A high-technology approach to the manufacture of microdevices and Ni-Fe films formed by electroforming processes was investigated. The properties of Ni-Fe films were evaluated by stress measurement, transmission electron microscopy (TEM), scanning probe microscopy (SPM) and nanoindentation analysis. Square-wave cathodic current modulation was employed to electrodeposit ultrafine-grained Ni-Fe films from an additive-free Watts bath. The effects of pulse parameters, namely, pulse on-time, pulse off-time and peak-current density on grain size, surface morphology and crystal orientation were determined. Current density significantly influences the microstructure of what. Increasing current density substantially refined the deposited crystals. The crystal size of Ni-Fe films decreased as current density increased. Microstructural modification was accompanied by the corresponding variations in microhardness, current efficiency and hydrogen content. These results are explained by the strong tendency of Ni-Fe to be passivated though the adsorption of foreign species (hydrogen and hydroxide) present during crystallization. However, increasing current density did not affect crystal orientation, indicating that a high pulse-reverse current density inhibits the adsorption of hydrogen species onto Ni-Fe films. Therefore, Ni-Fe films have a low internal stress and a low surface roughness. Current density considerably influences the microstructure of what, revealing that a high pulse-reversed current density inhibits the adsorption of hydrogen species onto Ni-Fe deposits, so that an as-deposited pulse-reversed Ni-Fe alloy has a lower internal stress and a lower surface roughness than a Ni-Fe alloy deposited by direct current density.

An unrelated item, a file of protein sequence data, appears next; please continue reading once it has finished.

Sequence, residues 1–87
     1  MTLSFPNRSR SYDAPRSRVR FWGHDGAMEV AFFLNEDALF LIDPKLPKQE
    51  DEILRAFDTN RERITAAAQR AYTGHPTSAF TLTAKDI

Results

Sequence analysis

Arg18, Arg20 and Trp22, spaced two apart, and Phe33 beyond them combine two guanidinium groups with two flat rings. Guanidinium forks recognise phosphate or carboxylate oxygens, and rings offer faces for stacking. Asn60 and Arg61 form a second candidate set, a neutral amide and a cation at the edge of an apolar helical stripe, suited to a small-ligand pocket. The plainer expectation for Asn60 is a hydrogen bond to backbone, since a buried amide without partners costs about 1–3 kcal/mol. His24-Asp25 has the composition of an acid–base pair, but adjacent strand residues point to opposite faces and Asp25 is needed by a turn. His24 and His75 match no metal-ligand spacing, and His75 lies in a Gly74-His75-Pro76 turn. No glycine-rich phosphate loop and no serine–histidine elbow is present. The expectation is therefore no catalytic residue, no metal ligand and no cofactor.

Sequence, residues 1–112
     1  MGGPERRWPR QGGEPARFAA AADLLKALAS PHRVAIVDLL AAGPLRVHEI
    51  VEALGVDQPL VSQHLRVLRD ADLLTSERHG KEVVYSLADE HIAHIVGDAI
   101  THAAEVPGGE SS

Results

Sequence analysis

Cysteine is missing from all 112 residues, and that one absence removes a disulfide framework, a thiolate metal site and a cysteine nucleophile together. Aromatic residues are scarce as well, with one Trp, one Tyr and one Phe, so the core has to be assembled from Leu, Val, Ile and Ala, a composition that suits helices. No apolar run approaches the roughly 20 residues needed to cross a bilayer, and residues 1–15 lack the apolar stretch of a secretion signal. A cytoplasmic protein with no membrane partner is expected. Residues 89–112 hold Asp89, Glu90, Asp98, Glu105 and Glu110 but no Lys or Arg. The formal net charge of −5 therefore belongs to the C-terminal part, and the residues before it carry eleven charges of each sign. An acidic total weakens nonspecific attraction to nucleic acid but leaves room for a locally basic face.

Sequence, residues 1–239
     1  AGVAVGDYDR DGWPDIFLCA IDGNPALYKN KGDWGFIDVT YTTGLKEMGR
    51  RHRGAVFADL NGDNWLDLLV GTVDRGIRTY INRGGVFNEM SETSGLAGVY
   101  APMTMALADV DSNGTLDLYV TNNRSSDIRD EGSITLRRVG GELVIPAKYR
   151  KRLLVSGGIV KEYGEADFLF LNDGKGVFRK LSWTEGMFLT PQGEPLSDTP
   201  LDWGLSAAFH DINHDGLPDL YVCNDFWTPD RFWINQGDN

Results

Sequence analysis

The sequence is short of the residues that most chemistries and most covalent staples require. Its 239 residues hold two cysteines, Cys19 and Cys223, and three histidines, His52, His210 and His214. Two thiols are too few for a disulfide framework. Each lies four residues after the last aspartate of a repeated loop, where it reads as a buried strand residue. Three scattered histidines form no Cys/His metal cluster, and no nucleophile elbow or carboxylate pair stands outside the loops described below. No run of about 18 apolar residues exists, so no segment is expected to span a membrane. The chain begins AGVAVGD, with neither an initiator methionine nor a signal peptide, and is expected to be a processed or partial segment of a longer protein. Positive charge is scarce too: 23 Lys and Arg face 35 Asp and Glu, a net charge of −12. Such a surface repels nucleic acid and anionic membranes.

|Number of pages||5|
|Journal||Japanese Journal of Applied Physics, Part 1: Regular Papers and Short Notes and Review Papers|
|Publication status||Published - Feb 2005|
- Ni-Fe film
- Pulse-reversed current
ASJC Scopus subject areas
- Physics and Astronomy (miscellaneous)